That's what some of us were asking after a senior executive of US brewer MillerCoors gave testimony to the US Senate subcommittee set up to discuss the role of US holding banks in physical commodities.
Tim Weiner, the brewer’s global risk manager for commodities and metals, said the queues to get metal from Detroit warehouses owned by Goldman Sachs' subsidiary have been caused by the LME rules, and have pushed premiums to record and artificially high levels.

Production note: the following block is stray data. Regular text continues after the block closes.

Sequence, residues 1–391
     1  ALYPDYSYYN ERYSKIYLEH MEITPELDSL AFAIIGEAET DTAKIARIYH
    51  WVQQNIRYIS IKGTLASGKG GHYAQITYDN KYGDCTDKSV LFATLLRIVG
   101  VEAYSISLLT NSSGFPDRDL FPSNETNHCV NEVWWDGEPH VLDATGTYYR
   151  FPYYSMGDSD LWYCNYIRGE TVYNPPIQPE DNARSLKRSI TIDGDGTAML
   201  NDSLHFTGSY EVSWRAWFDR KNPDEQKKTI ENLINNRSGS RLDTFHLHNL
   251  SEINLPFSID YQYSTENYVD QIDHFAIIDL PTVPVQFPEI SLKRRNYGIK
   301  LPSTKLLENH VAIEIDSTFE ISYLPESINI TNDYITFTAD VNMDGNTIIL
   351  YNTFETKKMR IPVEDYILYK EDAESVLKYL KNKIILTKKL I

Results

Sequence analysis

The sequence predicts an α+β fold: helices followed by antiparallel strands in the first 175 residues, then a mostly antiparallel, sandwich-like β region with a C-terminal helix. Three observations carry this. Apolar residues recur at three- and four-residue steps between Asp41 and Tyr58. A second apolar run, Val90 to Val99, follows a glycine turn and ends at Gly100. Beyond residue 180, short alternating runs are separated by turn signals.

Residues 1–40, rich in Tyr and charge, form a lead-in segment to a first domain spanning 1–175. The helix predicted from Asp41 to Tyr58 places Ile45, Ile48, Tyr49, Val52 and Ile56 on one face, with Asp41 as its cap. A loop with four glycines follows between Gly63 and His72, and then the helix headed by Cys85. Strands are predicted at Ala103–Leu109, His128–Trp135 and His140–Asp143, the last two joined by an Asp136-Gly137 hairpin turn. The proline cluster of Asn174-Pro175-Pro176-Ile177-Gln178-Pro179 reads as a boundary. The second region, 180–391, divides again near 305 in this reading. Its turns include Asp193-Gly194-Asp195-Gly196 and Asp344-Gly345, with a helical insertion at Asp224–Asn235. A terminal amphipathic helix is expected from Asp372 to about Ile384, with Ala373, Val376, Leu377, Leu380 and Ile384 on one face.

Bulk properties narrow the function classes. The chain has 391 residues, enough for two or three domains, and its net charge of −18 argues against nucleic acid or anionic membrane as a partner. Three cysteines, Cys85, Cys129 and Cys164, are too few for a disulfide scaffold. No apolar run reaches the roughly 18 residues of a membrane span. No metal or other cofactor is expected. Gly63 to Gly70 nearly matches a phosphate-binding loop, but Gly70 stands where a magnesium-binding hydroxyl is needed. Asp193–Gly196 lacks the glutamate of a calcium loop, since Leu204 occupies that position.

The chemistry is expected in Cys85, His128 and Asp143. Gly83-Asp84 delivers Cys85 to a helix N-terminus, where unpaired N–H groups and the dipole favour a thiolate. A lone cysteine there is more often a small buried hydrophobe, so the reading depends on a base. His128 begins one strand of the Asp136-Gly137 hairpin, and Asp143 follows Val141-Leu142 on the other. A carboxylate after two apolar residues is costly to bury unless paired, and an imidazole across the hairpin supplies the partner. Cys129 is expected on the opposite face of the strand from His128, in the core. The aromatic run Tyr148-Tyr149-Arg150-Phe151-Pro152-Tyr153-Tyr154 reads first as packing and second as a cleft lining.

That premiums have risen dramatically because of the queues is true. But as the London Metal Exchange pointed out, the total price per tonne paid by consumers for aluminium has dropped by almost 40% since July 2008.
Although premiums – which are not traded on the LME – have risen...